or other hydrocarbons
react with a limited amount of oxygen
as the oxidant. The oxygen supplied
is insufficient to fully oxidize the hydrocarbons
to CO2
and water. Since the stoichiometric
quantities of oxygen are lower
than required, the products of the reaction
contain primarily hydrogen and CO
and a relatively small amount of CO2
from an ASU.
. If
air is used as the oxygen source, then nitrogen
will also be present in the reaction
products-for this reason, the majority
of processes use pure O2
ATR is also a common H2
technology that combines POx with
SMR in a single reaction chamber. The
partial oxidation process involves the reaction
of oxygen with CH4
tion, while the reforming of CH4
is a noncatalytic exothermic reacwith
is a catalytic endothermic reaction.
The quantity of the oxidant can be adjusted
so that the POx reaction provides all
. The POx of
the required heat energy for the reforming
reaction, eliminating the need for an
external input of heat.
When the carbon emissions from the
aforementioned processes are captured using
CCS technology, then the H2
is termed
" blue " to indicate that it is generated by
nonrenewable means-the carbon emissions
are offset though the use of CCS.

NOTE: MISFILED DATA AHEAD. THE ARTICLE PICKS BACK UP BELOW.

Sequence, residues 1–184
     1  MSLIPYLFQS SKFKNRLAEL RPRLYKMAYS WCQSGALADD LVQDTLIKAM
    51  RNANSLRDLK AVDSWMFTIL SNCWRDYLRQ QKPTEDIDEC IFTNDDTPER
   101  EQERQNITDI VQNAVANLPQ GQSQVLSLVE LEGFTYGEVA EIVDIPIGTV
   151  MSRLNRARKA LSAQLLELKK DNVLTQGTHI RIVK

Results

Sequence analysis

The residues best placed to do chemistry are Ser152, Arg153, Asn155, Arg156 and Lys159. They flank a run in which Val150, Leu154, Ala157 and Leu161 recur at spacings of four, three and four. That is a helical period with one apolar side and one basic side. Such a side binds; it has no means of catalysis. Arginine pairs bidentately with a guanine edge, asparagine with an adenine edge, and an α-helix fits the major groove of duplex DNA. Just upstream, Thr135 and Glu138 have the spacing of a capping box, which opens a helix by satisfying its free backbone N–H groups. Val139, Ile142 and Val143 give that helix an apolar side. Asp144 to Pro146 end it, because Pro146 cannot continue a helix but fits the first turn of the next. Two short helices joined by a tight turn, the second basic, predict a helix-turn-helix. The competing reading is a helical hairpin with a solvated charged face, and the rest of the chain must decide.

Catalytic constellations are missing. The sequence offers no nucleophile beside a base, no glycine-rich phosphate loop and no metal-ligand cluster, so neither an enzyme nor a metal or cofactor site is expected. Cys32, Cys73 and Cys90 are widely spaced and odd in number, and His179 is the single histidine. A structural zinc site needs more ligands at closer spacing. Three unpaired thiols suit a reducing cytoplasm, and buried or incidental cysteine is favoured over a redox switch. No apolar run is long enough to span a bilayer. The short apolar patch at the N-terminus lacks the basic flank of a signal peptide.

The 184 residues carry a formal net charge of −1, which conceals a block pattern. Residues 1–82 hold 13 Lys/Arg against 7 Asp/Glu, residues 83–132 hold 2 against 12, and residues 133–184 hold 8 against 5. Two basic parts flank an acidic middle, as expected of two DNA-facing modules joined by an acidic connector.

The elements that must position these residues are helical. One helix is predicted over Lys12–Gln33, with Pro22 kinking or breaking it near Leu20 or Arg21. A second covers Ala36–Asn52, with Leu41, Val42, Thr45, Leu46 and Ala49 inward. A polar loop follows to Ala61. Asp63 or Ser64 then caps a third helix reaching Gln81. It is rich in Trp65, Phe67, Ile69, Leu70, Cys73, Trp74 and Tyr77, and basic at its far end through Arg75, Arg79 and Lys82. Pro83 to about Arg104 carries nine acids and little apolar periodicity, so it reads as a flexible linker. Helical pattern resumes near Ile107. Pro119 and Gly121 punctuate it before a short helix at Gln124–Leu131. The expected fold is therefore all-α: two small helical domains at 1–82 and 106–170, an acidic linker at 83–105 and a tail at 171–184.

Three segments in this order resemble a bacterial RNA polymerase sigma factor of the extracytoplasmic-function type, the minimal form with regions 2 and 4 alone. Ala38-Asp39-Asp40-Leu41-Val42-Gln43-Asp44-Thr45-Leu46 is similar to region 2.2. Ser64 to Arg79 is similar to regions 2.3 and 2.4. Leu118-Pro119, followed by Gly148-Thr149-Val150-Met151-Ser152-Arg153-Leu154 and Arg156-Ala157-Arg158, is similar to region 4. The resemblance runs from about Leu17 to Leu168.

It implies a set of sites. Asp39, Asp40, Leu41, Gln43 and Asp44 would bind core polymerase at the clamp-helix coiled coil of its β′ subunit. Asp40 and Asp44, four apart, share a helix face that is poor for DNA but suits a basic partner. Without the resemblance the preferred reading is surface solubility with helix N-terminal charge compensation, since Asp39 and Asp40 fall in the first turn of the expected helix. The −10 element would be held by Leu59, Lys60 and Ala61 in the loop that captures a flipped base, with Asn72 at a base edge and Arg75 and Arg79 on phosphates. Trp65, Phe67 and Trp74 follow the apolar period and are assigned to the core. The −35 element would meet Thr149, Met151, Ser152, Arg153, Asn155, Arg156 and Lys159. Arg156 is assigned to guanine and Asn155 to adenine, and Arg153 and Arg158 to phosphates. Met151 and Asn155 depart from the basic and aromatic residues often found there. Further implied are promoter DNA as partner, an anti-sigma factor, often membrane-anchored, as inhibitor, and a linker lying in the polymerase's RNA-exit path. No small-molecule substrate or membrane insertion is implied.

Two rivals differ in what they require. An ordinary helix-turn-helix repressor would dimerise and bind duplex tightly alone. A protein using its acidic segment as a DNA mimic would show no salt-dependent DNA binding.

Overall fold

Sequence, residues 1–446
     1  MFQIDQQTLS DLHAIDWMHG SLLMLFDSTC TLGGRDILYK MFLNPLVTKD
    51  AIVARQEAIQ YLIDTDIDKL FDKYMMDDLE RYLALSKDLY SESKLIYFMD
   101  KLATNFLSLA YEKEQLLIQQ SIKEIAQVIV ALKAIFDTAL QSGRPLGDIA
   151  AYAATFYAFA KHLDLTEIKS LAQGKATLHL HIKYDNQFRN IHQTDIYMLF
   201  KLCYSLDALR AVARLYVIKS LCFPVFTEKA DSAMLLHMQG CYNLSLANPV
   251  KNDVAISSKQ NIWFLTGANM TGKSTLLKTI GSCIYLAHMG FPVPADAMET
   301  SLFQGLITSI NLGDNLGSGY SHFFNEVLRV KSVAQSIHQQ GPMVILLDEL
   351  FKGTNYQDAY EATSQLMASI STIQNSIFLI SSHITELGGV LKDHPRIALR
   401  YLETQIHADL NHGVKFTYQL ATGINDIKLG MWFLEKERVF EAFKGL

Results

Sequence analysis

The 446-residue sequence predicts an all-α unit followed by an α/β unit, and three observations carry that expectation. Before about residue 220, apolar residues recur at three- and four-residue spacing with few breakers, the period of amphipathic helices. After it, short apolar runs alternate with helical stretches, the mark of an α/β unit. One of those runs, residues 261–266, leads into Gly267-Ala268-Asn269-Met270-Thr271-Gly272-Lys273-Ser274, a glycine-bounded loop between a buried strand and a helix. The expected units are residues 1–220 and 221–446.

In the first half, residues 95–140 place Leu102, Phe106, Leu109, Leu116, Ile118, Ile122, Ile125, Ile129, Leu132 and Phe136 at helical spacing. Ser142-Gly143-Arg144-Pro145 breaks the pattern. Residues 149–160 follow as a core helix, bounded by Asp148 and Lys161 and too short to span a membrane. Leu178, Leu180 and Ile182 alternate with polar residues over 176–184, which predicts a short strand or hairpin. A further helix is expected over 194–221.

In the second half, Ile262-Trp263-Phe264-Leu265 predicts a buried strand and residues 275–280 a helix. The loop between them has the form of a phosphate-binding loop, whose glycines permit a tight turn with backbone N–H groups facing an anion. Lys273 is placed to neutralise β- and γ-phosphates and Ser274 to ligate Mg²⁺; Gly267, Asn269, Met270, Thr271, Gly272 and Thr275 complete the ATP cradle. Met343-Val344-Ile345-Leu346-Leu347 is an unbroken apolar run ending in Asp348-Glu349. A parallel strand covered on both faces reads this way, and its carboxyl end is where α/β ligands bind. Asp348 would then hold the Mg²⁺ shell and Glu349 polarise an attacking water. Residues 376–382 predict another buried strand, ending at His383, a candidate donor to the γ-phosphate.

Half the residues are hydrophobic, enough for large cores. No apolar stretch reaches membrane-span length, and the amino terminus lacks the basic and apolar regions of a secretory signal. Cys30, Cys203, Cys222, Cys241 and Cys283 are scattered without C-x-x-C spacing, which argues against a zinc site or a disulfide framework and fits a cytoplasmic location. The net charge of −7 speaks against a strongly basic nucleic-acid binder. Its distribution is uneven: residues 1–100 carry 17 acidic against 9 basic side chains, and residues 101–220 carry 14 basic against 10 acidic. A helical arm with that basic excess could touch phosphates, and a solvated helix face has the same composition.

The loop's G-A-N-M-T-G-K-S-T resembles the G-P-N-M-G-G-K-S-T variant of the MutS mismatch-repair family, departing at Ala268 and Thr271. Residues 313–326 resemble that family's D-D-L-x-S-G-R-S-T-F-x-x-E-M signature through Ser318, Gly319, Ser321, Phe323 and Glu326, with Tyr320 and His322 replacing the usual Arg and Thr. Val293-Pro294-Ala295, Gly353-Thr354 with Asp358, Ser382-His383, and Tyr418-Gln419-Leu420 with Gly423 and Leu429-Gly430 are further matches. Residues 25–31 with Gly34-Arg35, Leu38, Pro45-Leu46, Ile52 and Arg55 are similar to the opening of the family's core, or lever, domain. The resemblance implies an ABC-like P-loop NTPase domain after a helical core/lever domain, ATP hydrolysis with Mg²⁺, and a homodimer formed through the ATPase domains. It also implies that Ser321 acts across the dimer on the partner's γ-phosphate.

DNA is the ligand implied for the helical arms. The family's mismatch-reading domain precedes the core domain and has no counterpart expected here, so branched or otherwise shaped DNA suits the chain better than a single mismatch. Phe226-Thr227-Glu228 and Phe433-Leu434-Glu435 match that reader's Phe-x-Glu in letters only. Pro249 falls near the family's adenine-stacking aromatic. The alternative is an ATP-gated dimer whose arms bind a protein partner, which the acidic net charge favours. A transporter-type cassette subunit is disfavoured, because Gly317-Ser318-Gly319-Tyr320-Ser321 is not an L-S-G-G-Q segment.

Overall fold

pathway to produce H2
bon intensity where CH4
decomposed into H2
pyrolysis (turquoise) is another
with lower caris
and solid carbon.
Carbon black is a material produced by
the incomplete combustion of hydrocarbons
that can be used to form commercial
products. The technology has the
potential to be completely emissions free
(including offsite emissions) if the electrical
power is delivered to the process from
renewable energy sources.
Clean H2
production (green) can be
achieved through the use of electrolysis:
electrolyzers use electricity to split water
into H2
and oxygen. A typical electrolysis
unit consists of a cathode and anode
immersed in an electrolyte. When an
electrical current is applied, the water is
split and H2
while oxygen is evolved at the anode. The
technology is available commercially but
requires further development to reduce
the cost of H2
CCUS. The authors' company supports
global decarbonization through its own
initiatives, including the Corporate Decarbonization
Initiative, which aims to
reduce the amount of carbon emissions
that must be managed to reach a carbon
balance or net-zero emissions. One of
the key methodologies to reduce carbon
emissions are carbon capture, utilization
and storage (CCUS) technologies, which
capture CO2
directly from the air. CO2
emissions at the source or
emissions are
then transported away and stored deep
underground or turned into useful products.
Capturing carbon has been used for
decades to help improve the quality of
natural gas. Moreover, new ways to add
value to waste CO2
are being explored by
turning the gas into marketable industrial
and commercial products.
Carbon capture technologies can be
categorized as:
* Preā€combustion-Precombustion
carbon capture
involves the removal of CO2
H2Tech | Q4 2022 17
is produced at the cathode

H2Tech - Q4 2022